No one is predicting that labor problems at Peoria, Ill.-based Caterpillar will end even though workers last week brought a six-and-one-half year dispute--which included two nationwide strikes--to an end by narrowly approving a contract that's largely a victory for the company. Why? The contract is only slightly different from the one that was rejected earlier in the month, and it received the support of only 54% of the United Auto Workers who voted.
The contract permits Caterpillar to limit overtime pay, to make decisions unilaterally on what components and products it can outsource, and to pay new workers a lower starting pay. In addition, the union dropped a demand that the company pay union members who worked full-time on union matters, such as grievances. There also is no guaranteed level of total union employment.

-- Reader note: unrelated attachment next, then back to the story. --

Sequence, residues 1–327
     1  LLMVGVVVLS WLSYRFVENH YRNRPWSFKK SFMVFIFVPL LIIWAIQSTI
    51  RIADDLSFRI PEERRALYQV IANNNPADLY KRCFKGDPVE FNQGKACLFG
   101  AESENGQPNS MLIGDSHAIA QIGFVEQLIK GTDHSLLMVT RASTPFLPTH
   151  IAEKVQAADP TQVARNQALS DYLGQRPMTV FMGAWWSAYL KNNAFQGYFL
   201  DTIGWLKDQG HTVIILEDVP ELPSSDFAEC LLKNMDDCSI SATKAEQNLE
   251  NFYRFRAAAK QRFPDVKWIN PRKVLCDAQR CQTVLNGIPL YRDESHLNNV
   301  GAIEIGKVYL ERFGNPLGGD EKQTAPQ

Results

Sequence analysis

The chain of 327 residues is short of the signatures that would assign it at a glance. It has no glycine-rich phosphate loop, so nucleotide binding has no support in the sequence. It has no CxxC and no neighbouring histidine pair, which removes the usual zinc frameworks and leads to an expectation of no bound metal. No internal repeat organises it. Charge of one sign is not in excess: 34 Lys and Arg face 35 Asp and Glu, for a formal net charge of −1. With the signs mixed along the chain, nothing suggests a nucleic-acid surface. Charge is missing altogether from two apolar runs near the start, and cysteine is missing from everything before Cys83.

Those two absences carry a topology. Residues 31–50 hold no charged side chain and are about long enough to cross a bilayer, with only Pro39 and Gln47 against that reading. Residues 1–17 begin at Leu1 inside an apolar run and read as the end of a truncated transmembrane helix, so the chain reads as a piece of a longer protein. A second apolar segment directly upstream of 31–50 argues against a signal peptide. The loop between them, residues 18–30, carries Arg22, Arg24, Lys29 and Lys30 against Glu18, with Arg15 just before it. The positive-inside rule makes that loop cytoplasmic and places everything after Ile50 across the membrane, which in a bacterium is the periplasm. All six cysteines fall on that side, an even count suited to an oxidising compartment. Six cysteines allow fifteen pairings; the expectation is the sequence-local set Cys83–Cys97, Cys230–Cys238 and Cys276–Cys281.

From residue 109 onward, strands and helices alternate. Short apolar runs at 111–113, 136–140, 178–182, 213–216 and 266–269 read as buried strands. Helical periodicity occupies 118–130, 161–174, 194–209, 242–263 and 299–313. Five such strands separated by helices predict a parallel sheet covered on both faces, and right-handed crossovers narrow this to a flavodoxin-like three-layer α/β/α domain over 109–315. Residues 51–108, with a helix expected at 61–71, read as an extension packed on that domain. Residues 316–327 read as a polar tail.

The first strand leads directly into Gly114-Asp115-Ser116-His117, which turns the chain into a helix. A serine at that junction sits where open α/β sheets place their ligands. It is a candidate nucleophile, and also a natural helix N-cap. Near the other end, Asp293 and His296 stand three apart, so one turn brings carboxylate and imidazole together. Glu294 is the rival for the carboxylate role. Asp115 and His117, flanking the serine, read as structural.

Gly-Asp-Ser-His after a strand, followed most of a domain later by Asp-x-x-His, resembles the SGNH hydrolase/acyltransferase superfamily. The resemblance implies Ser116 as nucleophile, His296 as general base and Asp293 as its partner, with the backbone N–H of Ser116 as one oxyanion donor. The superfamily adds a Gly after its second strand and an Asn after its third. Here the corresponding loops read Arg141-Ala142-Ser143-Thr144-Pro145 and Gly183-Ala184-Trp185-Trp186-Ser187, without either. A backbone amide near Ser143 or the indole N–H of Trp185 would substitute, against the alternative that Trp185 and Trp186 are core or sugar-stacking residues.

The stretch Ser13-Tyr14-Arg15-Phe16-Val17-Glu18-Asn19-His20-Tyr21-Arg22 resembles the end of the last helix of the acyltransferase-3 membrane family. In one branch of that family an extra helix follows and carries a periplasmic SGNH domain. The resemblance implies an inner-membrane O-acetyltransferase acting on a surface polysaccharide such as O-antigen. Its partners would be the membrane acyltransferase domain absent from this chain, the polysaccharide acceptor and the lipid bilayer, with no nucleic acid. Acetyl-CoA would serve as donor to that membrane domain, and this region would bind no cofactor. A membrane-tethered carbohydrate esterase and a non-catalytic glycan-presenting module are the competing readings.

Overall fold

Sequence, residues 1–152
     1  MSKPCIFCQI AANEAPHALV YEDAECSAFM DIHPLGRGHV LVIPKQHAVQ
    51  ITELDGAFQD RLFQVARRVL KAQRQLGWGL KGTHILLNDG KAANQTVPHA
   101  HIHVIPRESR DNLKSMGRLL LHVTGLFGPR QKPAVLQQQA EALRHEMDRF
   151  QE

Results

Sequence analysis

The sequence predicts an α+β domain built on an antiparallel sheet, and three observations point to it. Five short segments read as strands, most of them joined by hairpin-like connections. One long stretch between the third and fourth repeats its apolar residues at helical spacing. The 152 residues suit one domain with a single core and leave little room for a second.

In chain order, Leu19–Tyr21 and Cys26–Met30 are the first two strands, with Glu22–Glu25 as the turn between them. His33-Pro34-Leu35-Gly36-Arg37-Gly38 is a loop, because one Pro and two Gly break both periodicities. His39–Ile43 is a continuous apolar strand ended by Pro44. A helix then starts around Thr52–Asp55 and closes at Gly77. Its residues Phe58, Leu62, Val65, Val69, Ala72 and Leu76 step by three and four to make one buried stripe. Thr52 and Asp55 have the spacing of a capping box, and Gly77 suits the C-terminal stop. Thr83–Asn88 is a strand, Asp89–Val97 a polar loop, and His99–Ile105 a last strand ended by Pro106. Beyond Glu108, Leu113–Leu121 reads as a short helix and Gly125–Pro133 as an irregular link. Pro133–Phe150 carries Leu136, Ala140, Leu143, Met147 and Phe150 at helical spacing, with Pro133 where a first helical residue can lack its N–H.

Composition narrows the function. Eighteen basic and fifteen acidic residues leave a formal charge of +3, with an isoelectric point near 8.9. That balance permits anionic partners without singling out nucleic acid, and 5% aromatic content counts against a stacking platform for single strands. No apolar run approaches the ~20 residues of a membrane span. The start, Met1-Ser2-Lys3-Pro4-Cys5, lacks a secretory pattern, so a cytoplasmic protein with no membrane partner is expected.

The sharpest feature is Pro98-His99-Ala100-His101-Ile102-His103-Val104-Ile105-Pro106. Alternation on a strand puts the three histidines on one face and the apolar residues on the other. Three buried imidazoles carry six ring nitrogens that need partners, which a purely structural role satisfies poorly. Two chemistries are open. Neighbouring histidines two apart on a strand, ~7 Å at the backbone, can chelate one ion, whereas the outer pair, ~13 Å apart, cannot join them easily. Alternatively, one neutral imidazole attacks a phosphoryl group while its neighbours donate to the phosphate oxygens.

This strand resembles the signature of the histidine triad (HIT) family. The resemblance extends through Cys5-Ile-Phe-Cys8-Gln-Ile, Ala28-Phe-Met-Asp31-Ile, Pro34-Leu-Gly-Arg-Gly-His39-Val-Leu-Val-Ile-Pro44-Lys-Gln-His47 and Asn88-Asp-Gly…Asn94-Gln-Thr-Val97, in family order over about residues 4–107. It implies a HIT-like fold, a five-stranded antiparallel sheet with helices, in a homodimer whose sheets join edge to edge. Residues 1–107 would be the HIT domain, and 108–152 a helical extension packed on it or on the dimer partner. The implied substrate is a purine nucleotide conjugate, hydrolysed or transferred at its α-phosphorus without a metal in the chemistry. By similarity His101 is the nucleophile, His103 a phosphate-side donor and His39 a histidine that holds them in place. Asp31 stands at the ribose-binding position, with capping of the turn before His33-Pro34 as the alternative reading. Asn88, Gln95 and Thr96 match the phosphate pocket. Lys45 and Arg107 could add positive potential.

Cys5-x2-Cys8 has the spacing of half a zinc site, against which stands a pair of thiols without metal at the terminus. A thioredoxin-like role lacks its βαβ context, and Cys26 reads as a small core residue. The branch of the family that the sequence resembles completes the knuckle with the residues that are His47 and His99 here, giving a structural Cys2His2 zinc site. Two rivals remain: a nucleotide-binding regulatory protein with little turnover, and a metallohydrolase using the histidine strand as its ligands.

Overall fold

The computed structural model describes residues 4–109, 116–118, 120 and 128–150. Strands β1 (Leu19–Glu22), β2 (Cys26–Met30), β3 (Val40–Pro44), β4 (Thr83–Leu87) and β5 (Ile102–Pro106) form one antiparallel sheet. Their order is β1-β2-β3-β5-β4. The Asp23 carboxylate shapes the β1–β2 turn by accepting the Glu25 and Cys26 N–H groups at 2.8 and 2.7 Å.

The pluses for the 12,000 union members: increased wages and pensions, a comprehensive health care program with a variety of choices for the duration of the six-year contract, and incentive pay more closely linked to business unit performance.